Adair County, Oklahoma

Adair County, Oklahoma

Adair County is a county located in the northeastern part of Oklahoma. It is bordered by Delaware County to the north, Cherokee County to the east, Sequoyah County to the south and Mayes and Muskogee Counties to the west. The county seat is Stilwell. Adair County was named for an early Cherokee leader, Chief William Penn Adair.

Adair County covers an area of 758 square miles, making it one of Oklahoma’s largest counties. The terrain is mostly rolling hills with some flat areas along rivers and streams. Elevation ranges from 600 feet above sea level in the east to 1,400 feet in the northwest corner of the county. The Illinois River runs through Adair County and provides numerous recreational opportunities including fishing, boating and camping.

The population of Adair County is 22,286 (as of 2019), with a population density of 29 people per square mile. The county has a large Native American population (14% of residents are Native American), primarily Cherokee Nation members. The median household income for Adair County is $41,844 and almost 20% of households have an income below poverty level.

The economy in Adair County is largely agricultural-based with cattle ranching being one of its main industries. Other major industries include forestry products like lumber and wood products as well as oil production from gas wells located throughout the county. There are also several manufacturing plants located in Stilwell that produce plastic products for use in industrial applications as well as consumer goods like furniture or toys.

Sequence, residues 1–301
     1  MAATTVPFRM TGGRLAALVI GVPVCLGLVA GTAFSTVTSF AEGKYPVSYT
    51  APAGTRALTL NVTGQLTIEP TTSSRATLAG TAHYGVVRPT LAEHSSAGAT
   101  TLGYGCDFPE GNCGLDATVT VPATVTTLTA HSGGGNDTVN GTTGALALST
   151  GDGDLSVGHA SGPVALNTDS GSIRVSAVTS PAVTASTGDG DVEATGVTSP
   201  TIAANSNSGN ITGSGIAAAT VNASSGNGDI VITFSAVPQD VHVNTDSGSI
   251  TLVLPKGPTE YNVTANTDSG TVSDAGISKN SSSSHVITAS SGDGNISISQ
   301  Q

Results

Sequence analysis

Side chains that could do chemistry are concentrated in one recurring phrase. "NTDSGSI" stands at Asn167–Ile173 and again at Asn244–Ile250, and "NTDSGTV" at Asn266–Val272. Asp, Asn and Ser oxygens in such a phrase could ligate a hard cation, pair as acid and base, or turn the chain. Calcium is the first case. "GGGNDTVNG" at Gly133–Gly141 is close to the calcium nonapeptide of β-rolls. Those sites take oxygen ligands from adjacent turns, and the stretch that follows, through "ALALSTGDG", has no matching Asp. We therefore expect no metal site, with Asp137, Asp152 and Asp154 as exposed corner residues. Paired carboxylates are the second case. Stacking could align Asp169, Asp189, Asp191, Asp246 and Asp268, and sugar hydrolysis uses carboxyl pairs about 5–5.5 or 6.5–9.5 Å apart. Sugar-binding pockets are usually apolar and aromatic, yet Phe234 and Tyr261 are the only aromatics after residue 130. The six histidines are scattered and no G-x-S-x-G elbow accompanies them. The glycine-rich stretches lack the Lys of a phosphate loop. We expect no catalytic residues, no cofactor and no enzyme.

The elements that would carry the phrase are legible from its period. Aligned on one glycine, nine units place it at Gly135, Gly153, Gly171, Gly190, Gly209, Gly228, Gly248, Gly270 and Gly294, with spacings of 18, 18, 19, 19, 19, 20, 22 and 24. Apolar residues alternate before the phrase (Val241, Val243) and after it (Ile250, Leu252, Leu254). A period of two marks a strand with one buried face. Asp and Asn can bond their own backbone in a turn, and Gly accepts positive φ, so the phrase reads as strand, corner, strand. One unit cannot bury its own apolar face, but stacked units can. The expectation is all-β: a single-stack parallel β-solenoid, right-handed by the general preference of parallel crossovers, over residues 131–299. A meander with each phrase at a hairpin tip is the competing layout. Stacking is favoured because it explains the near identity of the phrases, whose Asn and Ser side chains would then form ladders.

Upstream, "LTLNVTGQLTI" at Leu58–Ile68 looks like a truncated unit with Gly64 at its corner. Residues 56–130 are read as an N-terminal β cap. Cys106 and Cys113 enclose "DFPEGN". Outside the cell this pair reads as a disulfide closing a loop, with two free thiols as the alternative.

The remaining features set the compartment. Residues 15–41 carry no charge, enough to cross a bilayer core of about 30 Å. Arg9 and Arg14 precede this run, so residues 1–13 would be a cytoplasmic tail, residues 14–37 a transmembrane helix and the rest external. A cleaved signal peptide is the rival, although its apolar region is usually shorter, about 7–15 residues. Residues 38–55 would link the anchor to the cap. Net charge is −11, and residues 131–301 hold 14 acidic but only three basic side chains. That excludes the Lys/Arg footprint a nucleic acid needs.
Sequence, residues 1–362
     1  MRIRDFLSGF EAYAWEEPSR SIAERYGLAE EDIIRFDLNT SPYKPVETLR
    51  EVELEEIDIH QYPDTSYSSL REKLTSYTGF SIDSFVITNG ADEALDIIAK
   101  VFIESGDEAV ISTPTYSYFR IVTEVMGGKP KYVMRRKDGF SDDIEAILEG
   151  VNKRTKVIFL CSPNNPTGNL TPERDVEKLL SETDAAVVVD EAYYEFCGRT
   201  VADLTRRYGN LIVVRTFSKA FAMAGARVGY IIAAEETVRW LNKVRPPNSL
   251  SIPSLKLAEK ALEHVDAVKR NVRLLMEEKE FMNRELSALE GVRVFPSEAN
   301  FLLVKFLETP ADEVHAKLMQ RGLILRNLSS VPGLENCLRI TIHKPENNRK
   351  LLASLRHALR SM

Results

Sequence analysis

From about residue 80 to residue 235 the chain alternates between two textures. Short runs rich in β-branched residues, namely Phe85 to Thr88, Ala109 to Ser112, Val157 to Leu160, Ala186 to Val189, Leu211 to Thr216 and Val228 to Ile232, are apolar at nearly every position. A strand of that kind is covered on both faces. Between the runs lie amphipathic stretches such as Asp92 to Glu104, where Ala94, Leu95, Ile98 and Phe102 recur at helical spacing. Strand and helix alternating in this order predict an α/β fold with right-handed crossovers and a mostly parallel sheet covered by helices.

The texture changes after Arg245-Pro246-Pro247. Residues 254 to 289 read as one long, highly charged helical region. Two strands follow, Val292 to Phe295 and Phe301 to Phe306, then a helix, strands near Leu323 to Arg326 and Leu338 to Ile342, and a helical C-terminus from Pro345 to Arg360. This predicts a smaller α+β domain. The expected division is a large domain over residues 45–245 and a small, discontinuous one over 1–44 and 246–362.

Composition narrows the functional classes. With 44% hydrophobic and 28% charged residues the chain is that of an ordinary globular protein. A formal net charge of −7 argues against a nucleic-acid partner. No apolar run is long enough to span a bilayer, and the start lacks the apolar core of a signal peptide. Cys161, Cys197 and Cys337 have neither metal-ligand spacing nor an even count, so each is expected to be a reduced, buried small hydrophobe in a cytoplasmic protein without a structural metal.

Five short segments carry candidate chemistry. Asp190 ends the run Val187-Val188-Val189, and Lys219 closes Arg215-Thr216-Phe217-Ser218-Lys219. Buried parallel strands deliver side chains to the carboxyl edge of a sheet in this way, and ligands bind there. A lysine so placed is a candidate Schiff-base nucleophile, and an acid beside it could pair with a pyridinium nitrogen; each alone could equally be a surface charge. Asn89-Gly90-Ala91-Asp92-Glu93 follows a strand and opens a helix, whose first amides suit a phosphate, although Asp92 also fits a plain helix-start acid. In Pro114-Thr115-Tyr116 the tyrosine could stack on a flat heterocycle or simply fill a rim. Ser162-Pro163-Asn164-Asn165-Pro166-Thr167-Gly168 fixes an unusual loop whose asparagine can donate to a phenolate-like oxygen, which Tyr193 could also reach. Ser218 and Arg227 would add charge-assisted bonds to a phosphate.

There are several points of interest located throughout Adair County that attract tourists each year including Tenkiller State Park which offers hiking trails, camping areas and fishing spots on Tenkiller Lake; Sequoyah State Park which features cabins, camping spots and a marina; and Natural Falls State Park which has a waterfall that plunges 77 feet into a scenic gorge below it.

Adair County also offers several educational opportunities including Northeastern State University which has its main campus located in Tahlequah; Stilwell Public Schools; Westville Public Schools; Watts Public Schools; Salina Public Schools; Cave Springs Public Schools; Westville High School; Stilwell High School; Watts High School; Salina High School; Cave Springs High School; Northeastern A&M College (located in Miami); Connors State College (located in Warner); Carl Albert State College (located in Poteau); Indian Capital Technology Center (located at Sallisaw); Eastern Oklahoma State College (located at Wilburton) as well as numerous private schools throughout the county such as Kiamichi Technology Center-Stilwell Campus, Sequoyah School, Victory Christian Academy and Calvary Christian Academy among others..

For those looking for entertainment options, there are two casinos located within Adair County: River Ridge Casino near Stilwell and Cherokee Casino near Tahlequah where guests can enjoy gaming tables or slot machines while vacationing here. Additionally, there are multiple festivals that take place annually such as Redbud Festival held each April at Tenkiller State Park featuring live music performances from local artists plus food vendors offering everything from barbecue to funnel cakes or corn dogs!